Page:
Head Bureaucrat may have started out quite liberal, when he was transferred from MoF, but he is gradually switching to an exclusionary stance as a Japanese bureaucrat in the hot seat internationally. Koizumi promised Bush in June 2002 to double FDI, but nothing very much has happened since, in fact pretty much zero to be precise, and the US financial interests want to open up Japan, Commodore Perry-style, for their highly profitable style of business practices: working by the explicit regulations and ignoring the bureaucrat implicit policy intents in the large Japanese market. As alluded to previously, there are heavy duty political undercurrents here, as the Bush regime is peculiarly open to vested interest pressures re the way the US political system works generally and also to a general US domination and oligopolistic policy intention in key overseas markets too re the neocon tendency in particular. Give the foreign, notably US, firms an inch and they take a mile has been the message received loud and clear by the Head Bureaucrat, so there is going to be continuing friction. Although Big Bang was announced 1997 by Hashimoto and supposed by now to have been more or less completed, the Hashimoto promise of a 'Free, Fair, Global' Policy has not been achieved as is much the same case for the US, when the shoe is on the other foot. There are these US pressures and JP Morgan Chase intending apparently to re-enter private banking in Japan next year is part of that as is Lehman playing around with the Livedoor Event. Obviously landing 29.6 percent of NBS, on top of what was already held, complete with a natty financing package by a series of purchases between 08:30 and 09:00 suddenly one morning required some considerable preliminary organisation and should have been notified properly re the intent and spirit of the Takeover Bid rules. That does not mean arguing for the Fuji Sankei management as they are a lot of shitheads to use a slightly blunt, kusotare no renchu, expression: moving the Shikanai family owners out of pole position without due social courtesies, having the listing but not thinking of any defensive measures when they were so exposed in slowly trying to restructure the equity holdings of the cats cradle of cross holdings etc. The judge in the injunction action case now has a nasty balancing act between Establishment interests versus TSE interests re shareholder rights with the current high level of foreigner shareholding. Ex-PM Mori only got into Waseda University through the back door and was only good for rugby and his one intellectual achievement was to have been a member of the Debating Society, yubenkai, of which fact he is still inordinately proud. He got his first job at Fuji Sankei also through the back door, but was so useless that even at Fuji Sankei he had to be moved on and he was switched to Nippon Kogyo Shinbun - the now-Fuji Sankei Business i - and is a pretty bad case all round. That is the Establishment as represented by the LDP + Fuji Sankei! A certain other foreign bank's Private Banking Operation appears to be run out of Singapore without any particular reference to Japanese conditions and is indeed an accident waiting to happen as they pile on the personnel costs regardless of the revenues. Trying to hire Citigroup Private Banking Unit staff shows a particular determination to make a true pig's ear of things as it is an obvious red rag to the FSA bull. You have to give credit to their brave intention to hit a brick wall. A third closure, the brick wall of the piece, is indeed timetabled.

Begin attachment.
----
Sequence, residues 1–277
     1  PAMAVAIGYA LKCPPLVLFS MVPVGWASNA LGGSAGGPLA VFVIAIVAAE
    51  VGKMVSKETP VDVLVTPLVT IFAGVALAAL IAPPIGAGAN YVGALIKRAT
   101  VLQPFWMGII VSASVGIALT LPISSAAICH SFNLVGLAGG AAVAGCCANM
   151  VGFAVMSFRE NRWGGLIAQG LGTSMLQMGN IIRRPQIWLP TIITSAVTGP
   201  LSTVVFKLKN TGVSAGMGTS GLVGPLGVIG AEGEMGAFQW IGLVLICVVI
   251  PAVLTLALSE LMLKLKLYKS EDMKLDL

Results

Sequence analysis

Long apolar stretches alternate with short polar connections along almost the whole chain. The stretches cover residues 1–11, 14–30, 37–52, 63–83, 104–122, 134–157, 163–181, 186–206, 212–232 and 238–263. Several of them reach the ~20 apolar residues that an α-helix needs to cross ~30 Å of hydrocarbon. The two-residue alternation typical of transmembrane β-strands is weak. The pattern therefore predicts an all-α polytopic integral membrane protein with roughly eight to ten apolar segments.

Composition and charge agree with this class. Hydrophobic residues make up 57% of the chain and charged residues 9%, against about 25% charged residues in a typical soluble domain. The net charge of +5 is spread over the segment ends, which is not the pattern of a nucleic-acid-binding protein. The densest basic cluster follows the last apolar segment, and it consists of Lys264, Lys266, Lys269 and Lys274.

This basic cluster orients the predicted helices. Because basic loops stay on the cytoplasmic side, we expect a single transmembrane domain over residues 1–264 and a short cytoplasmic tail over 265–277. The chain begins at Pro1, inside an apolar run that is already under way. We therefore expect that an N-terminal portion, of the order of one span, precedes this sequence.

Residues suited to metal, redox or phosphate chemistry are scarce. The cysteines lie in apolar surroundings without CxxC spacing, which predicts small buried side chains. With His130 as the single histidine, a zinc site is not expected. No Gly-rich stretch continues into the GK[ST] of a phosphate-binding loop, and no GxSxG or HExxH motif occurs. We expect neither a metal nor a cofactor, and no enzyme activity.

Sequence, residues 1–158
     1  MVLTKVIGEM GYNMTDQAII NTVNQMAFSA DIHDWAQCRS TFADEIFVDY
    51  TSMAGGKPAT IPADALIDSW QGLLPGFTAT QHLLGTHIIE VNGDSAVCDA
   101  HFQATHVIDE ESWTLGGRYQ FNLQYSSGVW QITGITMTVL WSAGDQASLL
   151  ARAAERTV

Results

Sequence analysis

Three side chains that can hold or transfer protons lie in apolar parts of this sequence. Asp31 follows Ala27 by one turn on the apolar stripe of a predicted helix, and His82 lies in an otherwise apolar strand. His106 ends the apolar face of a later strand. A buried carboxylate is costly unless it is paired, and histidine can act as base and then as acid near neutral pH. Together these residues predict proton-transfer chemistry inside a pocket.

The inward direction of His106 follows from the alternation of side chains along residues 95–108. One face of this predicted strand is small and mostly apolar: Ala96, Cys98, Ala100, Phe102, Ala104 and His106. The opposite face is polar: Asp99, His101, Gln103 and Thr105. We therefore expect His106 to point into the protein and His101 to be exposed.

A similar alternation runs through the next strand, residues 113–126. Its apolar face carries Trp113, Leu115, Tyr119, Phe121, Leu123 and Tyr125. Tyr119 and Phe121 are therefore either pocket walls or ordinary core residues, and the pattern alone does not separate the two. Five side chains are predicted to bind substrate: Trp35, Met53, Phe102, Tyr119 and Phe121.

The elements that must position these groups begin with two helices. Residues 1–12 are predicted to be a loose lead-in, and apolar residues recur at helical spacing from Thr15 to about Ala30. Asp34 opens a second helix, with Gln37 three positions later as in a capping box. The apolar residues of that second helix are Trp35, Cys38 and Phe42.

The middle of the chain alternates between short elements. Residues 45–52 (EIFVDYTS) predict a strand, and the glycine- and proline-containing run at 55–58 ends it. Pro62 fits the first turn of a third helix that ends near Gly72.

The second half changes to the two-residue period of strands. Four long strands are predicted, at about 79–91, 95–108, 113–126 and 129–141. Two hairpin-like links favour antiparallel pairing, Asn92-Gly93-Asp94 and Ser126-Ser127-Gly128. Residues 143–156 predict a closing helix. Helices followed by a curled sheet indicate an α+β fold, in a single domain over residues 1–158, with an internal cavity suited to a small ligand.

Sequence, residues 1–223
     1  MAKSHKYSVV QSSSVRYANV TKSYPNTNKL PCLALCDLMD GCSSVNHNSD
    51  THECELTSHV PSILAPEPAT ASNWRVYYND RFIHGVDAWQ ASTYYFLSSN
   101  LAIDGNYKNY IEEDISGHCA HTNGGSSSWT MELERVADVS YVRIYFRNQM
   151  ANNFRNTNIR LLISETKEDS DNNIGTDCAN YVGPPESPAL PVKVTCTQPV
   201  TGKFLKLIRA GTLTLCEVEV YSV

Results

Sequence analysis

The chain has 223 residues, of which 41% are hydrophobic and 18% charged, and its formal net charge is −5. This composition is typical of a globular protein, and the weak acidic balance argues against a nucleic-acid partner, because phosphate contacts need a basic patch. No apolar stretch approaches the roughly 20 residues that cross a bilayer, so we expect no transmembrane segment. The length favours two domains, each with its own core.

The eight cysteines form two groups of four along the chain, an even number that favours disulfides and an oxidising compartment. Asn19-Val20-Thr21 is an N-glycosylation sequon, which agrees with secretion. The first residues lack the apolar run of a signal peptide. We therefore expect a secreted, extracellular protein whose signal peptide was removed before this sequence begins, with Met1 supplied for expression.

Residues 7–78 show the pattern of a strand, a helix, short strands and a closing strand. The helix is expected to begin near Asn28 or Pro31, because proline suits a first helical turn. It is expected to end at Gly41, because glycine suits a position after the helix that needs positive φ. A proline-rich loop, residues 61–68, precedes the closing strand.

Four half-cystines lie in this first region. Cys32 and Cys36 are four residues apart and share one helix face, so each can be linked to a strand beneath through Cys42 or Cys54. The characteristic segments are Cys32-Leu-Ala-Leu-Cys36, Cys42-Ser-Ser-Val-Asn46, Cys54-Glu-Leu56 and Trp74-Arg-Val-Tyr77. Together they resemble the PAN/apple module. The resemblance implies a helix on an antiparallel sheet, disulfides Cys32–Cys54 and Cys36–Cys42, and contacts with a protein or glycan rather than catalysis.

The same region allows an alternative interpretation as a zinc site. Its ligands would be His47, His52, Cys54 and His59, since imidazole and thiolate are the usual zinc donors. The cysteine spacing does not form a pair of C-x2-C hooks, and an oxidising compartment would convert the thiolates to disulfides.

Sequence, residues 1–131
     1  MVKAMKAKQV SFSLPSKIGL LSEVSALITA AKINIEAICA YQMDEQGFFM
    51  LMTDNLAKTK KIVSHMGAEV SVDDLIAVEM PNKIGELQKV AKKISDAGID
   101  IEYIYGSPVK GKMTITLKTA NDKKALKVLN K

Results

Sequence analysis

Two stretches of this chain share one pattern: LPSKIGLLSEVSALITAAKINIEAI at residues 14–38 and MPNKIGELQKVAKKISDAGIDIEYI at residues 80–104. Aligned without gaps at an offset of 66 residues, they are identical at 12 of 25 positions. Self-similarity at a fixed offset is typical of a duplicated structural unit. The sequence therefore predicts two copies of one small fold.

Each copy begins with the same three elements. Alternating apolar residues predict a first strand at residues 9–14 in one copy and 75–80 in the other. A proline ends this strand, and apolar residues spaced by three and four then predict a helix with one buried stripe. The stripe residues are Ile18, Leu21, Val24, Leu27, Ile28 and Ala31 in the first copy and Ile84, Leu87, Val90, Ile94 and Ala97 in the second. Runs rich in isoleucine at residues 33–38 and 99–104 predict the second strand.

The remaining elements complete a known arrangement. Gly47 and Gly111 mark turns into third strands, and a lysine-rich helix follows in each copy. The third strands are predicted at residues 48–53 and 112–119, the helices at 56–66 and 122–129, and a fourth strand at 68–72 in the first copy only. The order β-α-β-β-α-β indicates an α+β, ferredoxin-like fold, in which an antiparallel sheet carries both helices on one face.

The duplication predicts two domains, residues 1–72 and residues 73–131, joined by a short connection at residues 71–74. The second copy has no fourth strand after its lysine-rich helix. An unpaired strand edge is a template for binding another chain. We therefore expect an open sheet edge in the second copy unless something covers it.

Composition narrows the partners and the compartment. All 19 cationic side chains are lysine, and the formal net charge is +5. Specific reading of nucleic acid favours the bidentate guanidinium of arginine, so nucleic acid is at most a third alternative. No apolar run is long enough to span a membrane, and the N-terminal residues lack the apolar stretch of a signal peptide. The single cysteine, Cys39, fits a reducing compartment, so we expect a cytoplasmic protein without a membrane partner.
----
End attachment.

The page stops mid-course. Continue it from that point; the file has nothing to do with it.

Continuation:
11 April 05
Foreign Banker (semi-retired)